Our Victorian boy detective’s next big case is a revenge tragedy (of sorts) in (roughly—very roughly) three acts. New chapters will be posted each Friday in the lead-up to its March 1st release. This week: Chapter One. Join Gooseberry—AKA Octopus—real name Octavius—on his most perplexing case to date! Available to pre-order now at a very special price!
IN A SUDDEN, BLINDING flash of inspiration, Guy’s Seventh Rule of Detection sprang fully formed into my head (and, no, I wasn’t miscounting—I have six other rules to precede it). Never allow good evidence to fall into the hands of the police. I shuddered at its simple perfection, then realized I needed to write it down quickly, lest by some cruel quirk of fate I should forget it, and its beauty be lost to the world for ever. There was a dip pen and ink well on Bella’s dressing table, and a scrap of crumpled paper in the bin. Just a little flattening out and it served my purpose admirably.
With the seventh rule safely down for posterity, I began scouring the room for something to wrap the costume in. When nothing presented itself, I was forced to remove my jacket and bundle it up in that. Hugging it tightly to my chest, I sped along the corridor and out into the theatre foyer, which, apart from an unhappy-looking Mr Bruff, now stood quite deserted. I was soon to discover why my employer looked so miserable.
‘First you disappear without a word of explanation, then my clients abandon me, leaving me here to await your return on my own! What if those ruffians from earlier had decided to come back? What then, eh? What then!’
‘Calm yourself, sir. I’m here now. Let us see about getting you home.’
The prospect so cheered him that he completely forgot to quiz me about where I had been.
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We exited the theatre together into the cool evening air. The sky was dark and cloudless and the moon was full. It was only a short walk up to the City Road, where I had no trouble hailing him a cab. I thought about cadging a ride with him, as I was headed in the same direction, but quickly decided against it. So far he hadn’t noticed my bulky jacket; why press my luck any further?
I set off for my lodgings in fine spirits, reciting my latest Rule of Detection in my head. I’d made it as far as Rodney Street when I became aware of a sound behind me: clomp, clomp, clomp. Footsteps, and rather loud ones, at that. I sped up; they sped up. I slowed down; they slowed down. I stopped; they stopped. There was only one possible explanation: Octavius Guy was being followed!
Giving my pursuer no warning, I spun round to confront him. On the far side of the street, two men in docker’s caps—both somewhat worse for drink—were staggering arm-in-arm along the pavement. But apart from them (and a sleek ginger tomcat), there was no one else in sight.
I might have shrugged the whole thing off as my imagination playing tricks on me, but when I took the short cut home up Winchester Street I heard the clomp, clomp, clomp again.
By the time I reached my lodgings, I’d formulated a plan. Instead of bolting upstairs as I normally do, I stood inside the stairwell entrance and listened. The footsteps came progressively closer, then, quite abruptly, they stopped. My shadow, whoever he was, was standing mere inches away from me; I even fancied I could hear his ragged breath. But before I could jump out and tackle him, however, I heard another burst of clomp, clomp, clomp, this time of the retreating variety. I darted out from my hiding place, only to find that the wraith who’d been tailing me had vanished.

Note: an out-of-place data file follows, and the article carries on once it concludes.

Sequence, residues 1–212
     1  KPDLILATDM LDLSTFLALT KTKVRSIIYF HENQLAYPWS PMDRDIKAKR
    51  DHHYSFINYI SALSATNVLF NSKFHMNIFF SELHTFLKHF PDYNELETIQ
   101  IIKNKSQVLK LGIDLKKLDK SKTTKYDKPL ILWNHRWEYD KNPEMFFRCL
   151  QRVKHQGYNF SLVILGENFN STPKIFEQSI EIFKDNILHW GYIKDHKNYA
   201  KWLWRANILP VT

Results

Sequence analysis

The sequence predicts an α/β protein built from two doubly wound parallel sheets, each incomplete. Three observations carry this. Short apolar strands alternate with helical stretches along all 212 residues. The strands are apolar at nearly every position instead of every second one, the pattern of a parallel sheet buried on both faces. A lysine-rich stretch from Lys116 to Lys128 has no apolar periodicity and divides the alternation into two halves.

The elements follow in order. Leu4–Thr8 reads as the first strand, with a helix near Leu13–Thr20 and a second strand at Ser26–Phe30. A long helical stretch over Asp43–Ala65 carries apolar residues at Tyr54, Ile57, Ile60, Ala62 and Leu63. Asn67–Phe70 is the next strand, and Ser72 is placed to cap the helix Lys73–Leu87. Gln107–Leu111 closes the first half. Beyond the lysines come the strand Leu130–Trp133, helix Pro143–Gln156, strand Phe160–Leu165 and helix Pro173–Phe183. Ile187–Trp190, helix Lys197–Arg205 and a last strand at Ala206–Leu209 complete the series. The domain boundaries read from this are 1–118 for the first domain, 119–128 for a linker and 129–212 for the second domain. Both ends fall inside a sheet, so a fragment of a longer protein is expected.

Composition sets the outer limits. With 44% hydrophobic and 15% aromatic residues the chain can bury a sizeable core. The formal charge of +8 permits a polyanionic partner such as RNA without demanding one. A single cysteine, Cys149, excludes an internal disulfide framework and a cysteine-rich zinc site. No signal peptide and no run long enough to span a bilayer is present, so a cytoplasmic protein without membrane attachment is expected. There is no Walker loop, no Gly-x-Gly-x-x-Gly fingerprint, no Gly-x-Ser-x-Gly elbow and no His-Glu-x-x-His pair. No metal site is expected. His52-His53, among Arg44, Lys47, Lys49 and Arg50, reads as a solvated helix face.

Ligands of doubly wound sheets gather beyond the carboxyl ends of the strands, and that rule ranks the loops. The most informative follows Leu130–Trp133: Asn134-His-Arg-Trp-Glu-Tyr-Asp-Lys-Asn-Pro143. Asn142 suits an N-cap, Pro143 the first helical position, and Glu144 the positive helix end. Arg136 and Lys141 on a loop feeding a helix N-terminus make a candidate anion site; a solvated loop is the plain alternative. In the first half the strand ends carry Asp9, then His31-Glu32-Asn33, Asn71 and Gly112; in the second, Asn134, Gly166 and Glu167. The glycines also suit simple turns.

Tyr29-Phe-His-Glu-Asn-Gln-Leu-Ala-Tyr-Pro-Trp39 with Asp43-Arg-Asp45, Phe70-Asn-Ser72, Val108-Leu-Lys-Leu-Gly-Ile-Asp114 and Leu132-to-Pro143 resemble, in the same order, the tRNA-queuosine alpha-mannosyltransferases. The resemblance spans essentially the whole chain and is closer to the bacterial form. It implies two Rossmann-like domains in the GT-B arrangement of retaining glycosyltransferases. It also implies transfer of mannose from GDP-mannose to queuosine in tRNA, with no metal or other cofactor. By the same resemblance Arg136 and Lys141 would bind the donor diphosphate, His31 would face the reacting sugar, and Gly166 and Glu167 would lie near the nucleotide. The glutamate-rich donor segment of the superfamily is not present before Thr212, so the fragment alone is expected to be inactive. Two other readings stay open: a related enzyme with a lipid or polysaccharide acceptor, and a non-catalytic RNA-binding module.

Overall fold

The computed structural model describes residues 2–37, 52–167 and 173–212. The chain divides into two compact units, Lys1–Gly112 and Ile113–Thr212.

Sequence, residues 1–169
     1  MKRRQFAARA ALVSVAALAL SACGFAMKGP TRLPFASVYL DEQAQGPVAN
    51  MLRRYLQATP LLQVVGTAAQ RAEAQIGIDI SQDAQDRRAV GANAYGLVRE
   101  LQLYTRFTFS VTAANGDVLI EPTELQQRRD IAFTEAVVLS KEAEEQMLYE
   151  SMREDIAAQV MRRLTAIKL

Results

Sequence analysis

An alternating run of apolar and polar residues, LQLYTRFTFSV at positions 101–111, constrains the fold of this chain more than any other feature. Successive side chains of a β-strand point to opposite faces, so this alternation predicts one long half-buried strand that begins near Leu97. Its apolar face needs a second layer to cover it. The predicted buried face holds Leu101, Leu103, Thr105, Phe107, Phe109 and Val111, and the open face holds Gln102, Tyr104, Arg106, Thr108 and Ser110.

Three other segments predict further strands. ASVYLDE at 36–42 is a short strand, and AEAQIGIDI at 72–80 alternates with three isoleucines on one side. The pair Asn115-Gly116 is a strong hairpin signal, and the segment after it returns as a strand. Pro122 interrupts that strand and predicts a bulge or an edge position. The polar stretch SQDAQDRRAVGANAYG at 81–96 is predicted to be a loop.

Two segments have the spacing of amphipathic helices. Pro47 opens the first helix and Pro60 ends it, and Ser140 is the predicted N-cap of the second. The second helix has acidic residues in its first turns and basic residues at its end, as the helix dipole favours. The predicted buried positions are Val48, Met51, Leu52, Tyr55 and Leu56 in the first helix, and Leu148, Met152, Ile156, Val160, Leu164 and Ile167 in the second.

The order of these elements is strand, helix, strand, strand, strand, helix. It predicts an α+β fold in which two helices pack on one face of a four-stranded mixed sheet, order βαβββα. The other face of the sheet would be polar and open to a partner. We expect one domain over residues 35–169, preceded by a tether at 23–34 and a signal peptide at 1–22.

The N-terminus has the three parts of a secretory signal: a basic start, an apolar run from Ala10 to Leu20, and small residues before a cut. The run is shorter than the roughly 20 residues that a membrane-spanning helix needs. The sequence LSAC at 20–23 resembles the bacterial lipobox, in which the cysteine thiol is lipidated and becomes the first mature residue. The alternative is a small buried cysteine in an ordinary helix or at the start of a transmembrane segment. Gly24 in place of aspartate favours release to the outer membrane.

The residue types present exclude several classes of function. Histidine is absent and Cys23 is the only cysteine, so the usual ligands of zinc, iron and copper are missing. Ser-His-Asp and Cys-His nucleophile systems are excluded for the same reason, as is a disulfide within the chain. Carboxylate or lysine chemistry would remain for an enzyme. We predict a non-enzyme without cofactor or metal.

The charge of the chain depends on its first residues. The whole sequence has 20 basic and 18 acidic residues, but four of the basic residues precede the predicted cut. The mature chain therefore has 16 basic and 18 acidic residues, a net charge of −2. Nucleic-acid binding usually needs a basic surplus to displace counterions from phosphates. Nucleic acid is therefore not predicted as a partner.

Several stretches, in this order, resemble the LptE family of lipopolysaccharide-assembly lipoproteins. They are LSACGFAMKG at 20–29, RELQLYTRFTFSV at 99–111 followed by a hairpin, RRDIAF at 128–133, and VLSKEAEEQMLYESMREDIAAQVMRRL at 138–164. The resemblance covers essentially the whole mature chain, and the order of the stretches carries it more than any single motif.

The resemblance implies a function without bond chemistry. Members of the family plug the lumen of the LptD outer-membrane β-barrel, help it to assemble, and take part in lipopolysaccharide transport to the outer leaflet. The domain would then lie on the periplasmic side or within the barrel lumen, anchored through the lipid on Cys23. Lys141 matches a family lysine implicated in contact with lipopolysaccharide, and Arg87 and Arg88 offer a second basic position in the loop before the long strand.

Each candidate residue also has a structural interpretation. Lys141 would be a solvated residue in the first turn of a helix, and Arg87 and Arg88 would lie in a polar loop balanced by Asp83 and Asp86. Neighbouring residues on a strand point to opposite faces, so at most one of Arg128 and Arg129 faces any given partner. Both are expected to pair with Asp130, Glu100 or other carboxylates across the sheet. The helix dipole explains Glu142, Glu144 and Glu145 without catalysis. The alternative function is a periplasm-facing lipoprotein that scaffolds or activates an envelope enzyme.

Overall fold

Up on the landing, I let myself in as quietly as I could, and stood watching, unobserved, by the door. Bertha and Julius were seated at the table, working on money together.
‘Four nice, fat ’errings; ’ow much is that, Sprat?’
Bertha was a big man, tall and rather fleshy. Even in a primrose skirt with his hair tied up in ribbons, you couldn’t mistake him for a woman. He still looked like a man.
‘Two for a penny; that’s tuppence,’ replied my brother.
I find it hard to believe, but Julius turned eleven in April. My boy is growing up. Everyone says that he looks like me—well, like a miniature version of me. For my part, I’m not so sure, though he certainly has my eyes.
‘Good lad. And a ’alf-pint scoop o’ sardines?’
‘That’s a ha’penny.’
‘So ’ow much all told?’
‘Now, keep that figure in your ’ead as you think about wot I just give you.’
‘You gave me sixpence.’
‘Right. Now do the change. Start by roundin’ up the cost of the fish to the nearest penny.’
Julius picked up a coin and Bertha nodded—presumably a halfpenny.
‘And that makes wot?’ Bertha prompted.
‘And a penny makes fourpence; and another makes fivepence; and this one ’ere makes sixpence!’ The coins clinked their way into Bertha’s hand.
It was a minor miracle. In the six months that Bertha had been teaching him, Julius’s counting had improved out of all recognition. As much as I hated to put an end to the lesson, I had the news to break to Bertha—after all, he had known Bella too.
I gave the door a sharp bang, as if I’d just entered; Julius’s head shot up, and he leapt out of his seat to greet me. Bertha shrugged good-naturedly and began packing away the coins.
‘There’s soup in the pot,’ he muttered, as he rose and adjusted his skirts. ‘Pea and ’am. Ain’t ’alf bad, even if I says so meself.’
I stowed the executioner’s robe on top of the surplus crockery, then went and helped myself to a plateful, spooning a little of it into my mouth as I did so. Bertha was right. It wasn’t half bad.
‘Julius, will you do me a favour?’ I said, as I carried my plate to the table.
‘’Course I will,’ replied Julius, his high, squeaky voice mimicking Bertha’s gruff tones to a tee. ‘Wot d’yeh want?’
‘Go and slip this under Mrs Maddox’s door.’ I extracted a sixpence from my pocket and tossed it across the room to him. Julius caught it and went to fetch his bowler. Unlike me, he seldom wears a hat indoors.
‘Take care not to wake her,’ I added. ‘And be careful out there. If you hear anything unusual, you run like the wind. All right?’
‘Won’t be long,’ he shouted, slamming the door behind him.